In the same context where Paul speaks of doing good to everyone (Gal 6:10), especially to those in the church, Paul says, “And let us not grow weary of doing good, for in due season we will reap, if we do not give up” (Gal 6:9).
To exercise brotherly affection is exhausting, and the authors of Scripture know it. To crucify the flesh and resist the pull towards impurity is hard. To give one self for the spiritual and physical needs of another is even more grueling.
For that reason Scripture commands us to “let brotherly love continue” (Heb 13:1). Knowing the weakness of our flesh, God commands us to press on and not give up in brotherly affection. Since taking care of our neighbor takes time, money, effort, and intention (see the parable of the Good Samaritan, Luke 10:25–37).
In context, the letter to the Hebrews has just reminded us of the spiritual reality that takes place when the church gathers (see Heb 12:18–29). Now in chapter 13, as the sermonic epistle concludes, the author lists a number of practical strategies for loving and serving one another in the church.
He speaks of showing hospitality to strangers (v. 2), remembering Christians in prison (v. 3), and remembering Christian leaders, some of whom may be suffering for preaching the Word (v. 7). Each of these subgroups are members of the body of Christ to whom we must show love. However, in various ways these groups and others are difficult to love.
Strangers are unknown and love for them must be based on something other than mutual affinities or personal history; those in prison were hard to love because of how much it takes to get to them and threat of being thrown in jail with them; and leaders can be hard to love because they are the ones who God’s call to watch over us. To draw near to them requires a willingness to see them as a brothers (not just teachers), even as they have been delegated authority to be your overseer (13:17).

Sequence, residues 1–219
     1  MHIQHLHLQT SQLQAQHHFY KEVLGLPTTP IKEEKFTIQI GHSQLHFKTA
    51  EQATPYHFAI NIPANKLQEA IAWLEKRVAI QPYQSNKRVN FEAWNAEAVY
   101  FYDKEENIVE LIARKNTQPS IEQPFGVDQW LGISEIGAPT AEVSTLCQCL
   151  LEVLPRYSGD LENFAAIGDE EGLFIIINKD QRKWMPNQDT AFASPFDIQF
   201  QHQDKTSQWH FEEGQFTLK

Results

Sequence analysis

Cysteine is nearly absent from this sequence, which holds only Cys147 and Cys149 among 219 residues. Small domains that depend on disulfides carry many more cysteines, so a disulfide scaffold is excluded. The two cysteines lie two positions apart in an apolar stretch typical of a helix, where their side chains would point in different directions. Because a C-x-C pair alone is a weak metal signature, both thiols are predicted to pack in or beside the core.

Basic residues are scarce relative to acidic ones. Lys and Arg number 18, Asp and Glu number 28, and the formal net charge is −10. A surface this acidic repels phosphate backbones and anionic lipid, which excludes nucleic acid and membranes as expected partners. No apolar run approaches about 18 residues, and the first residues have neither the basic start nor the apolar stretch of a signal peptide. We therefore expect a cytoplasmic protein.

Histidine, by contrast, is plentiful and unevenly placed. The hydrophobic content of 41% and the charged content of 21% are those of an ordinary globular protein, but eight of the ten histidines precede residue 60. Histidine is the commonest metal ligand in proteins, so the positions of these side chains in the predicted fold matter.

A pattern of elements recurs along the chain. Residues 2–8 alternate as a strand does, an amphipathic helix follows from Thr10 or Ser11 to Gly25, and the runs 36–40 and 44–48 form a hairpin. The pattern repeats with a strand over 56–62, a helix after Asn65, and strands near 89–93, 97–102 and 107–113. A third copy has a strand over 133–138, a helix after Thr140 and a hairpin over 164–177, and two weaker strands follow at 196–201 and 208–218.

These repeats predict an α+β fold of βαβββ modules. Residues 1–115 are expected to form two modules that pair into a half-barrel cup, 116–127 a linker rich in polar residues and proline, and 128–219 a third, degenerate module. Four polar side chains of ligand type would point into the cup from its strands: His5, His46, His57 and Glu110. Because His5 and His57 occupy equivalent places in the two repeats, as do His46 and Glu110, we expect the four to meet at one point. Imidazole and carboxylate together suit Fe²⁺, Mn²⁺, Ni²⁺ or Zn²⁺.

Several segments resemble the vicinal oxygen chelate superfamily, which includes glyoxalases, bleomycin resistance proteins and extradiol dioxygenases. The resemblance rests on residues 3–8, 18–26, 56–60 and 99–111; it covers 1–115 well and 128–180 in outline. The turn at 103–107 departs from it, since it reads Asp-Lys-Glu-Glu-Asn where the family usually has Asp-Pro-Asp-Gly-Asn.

In these relationships, and any relationship not based upon personal affinities, endurance is required. The call to brotherly affection rejects the idea of loving those who love you, and it stalwartly refuses to take advantage of others for personal gain. Rather, with the mind of Christ, we take our joy in seeing the purity of our sisters protected, the strength of our brothers supplied, weaker and awkward siblings being honored and included, and stronger siblings being respected as godly leaders.
In short, the command to love one another with brotherly affection is a call for each member of God’s family to participate in the life of the church. And since there are all kinds of crazies in the family, it is helpful to know up front, that such love requires divine assistance. Which is one more reason why God calls us to love one another with brotherly affection.
Therefore, like the brothers in Corinth may we plead for the opportunity to provide for one another and like the saints in Thessalonika may we labor to protect our brethren with brotherly affection. And in these pursuits, may God be pleased to fill our hearts with love and endurance.
Soli Deo Gloria, dss